Chasing Shadows: Quasar Absorption Lines as Probes of Galaxy Evolution
Varsha Kulkarni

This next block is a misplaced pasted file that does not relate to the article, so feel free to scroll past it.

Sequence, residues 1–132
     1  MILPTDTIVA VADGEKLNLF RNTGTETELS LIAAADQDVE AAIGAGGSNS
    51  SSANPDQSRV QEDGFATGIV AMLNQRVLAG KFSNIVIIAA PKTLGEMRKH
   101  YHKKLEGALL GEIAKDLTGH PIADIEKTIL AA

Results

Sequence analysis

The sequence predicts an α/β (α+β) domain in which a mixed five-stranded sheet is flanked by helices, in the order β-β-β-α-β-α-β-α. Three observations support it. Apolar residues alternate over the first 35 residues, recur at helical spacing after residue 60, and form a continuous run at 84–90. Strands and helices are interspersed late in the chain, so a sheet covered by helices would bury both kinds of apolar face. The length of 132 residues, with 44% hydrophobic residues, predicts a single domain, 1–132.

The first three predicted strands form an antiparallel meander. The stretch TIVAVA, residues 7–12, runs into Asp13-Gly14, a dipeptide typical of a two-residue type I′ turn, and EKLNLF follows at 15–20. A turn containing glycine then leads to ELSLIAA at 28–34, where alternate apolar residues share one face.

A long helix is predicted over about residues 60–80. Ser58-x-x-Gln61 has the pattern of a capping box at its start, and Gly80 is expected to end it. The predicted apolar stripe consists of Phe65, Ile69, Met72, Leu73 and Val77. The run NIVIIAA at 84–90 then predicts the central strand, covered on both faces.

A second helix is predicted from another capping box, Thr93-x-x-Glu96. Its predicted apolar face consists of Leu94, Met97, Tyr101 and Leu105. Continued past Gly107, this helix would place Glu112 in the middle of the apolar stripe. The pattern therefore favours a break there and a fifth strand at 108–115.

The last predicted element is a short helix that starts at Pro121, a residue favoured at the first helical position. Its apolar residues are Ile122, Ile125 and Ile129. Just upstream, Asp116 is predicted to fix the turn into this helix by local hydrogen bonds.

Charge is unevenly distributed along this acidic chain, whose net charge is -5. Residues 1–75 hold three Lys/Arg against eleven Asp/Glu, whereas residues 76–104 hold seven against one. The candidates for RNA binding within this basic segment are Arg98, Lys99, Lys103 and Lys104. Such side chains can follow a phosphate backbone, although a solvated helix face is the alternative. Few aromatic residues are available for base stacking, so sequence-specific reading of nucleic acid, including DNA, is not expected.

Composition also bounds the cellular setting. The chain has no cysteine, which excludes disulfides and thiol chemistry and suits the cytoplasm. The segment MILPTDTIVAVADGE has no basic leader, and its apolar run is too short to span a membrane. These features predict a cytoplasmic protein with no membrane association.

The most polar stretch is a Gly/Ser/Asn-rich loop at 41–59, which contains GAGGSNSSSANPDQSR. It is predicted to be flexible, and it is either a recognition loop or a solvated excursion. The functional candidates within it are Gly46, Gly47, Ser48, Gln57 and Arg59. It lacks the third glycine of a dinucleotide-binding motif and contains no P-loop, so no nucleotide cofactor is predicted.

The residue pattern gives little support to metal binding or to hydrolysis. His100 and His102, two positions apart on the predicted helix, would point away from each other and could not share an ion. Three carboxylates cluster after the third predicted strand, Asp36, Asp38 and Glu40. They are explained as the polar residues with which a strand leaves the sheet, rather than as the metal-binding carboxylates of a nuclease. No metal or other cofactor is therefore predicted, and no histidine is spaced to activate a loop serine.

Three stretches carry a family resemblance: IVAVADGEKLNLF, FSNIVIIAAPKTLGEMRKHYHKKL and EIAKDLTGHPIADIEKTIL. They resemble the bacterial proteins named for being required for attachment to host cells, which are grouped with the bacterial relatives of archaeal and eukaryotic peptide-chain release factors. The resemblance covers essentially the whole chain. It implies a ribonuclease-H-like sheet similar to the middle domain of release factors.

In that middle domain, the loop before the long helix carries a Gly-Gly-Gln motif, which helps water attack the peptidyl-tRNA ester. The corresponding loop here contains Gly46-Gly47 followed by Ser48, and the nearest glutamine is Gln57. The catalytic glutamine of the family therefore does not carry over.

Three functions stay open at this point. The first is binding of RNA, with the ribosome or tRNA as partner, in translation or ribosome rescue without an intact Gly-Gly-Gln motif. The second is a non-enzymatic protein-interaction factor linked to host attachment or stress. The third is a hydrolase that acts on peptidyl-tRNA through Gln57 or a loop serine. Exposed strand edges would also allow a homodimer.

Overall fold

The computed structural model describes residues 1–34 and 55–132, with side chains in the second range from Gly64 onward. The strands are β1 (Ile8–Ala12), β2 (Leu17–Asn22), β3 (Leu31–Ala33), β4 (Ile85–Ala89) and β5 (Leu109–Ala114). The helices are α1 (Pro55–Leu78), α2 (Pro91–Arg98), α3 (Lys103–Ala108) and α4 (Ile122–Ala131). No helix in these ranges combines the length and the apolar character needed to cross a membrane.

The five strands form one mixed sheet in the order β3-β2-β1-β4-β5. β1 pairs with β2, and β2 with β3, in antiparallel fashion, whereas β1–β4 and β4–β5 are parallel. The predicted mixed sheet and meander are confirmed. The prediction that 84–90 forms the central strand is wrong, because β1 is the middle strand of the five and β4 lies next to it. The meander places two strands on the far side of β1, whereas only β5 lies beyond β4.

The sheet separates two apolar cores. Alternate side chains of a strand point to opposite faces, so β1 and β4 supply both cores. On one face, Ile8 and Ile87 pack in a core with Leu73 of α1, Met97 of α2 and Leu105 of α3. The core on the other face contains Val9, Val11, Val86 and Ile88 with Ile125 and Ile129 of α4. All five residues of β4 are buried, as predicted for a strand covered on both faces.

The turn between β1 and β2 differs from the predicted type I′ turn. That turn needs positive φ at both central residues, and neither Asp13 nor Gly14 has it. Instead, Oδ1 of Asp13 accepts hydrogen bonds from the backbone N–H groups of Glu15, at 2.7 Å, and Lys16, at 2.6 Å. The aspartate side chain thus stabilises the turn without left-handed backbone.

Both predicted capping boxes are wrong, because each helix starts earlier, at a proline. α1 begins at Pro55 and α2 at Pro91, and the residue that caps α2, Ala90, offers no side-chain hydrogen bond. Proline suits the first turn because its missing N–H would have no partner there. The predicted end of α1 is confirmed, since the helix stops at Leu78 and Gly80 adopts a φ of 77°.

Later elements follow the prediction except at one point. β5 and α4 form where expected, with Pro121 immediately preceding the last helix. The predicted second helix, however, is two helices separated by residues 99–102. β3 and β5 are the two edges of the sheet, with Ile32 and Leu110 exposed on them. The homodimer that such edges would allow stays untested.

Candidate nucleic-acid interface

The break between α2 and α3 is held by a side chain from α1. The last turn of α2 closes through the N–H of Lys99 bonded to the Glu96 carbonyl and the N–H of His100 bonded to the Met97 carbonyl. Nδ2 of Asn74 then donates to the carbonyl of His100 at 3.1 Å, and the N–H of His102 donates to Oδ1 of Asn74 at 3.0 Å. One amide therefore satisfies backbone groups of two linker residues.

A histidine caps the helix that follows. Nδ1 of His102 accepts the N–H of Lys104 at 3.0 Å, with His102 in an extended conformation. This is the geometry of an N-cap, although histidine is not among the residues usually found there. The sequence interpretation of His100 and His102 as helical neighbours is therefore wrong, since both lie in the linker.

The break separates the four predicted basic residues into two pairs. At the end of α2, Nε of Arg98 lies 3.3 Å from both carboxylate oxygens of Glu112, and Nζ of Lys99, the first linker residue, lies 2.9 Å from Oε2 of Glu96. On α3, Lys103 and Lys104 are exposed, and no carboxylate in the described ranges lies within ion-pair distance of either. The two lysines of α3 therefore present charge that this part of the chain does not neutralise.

The evolution of galaxies and the cosmic history of element production are fundamental themes in modern astrophysics and cosmology. However, the light emitted by distant galaxies is often too faint to allow detailed studies. Absorption lines in quasar spectra can be used to probe interstellar gas in galaxies at various stages of evolution, and thus provide powerful probes of the history of star formation and chemical enrichment in galaxies. Using this technique, we uncovered a "missing metals problem'' in low-redshift galaxies, i.e. a discrepancy between the observed amount of "metals" and the amount predicted by the chemical evolution models. On the other hand, there appears to be a population of galaxies with very high levels of "metals", including some that had reached several times the Sun's metallicity 7-10 billion years ago. What are these galaxies, and why did they get enriched so quickly? How vigorously did star formation take place in these distant galaxies, and how were they affected by inflows and outflows of gas? We will discuss clues emerging from imaging/spectroscopic observations that promise to shed light on various aspects of galaxy evolution.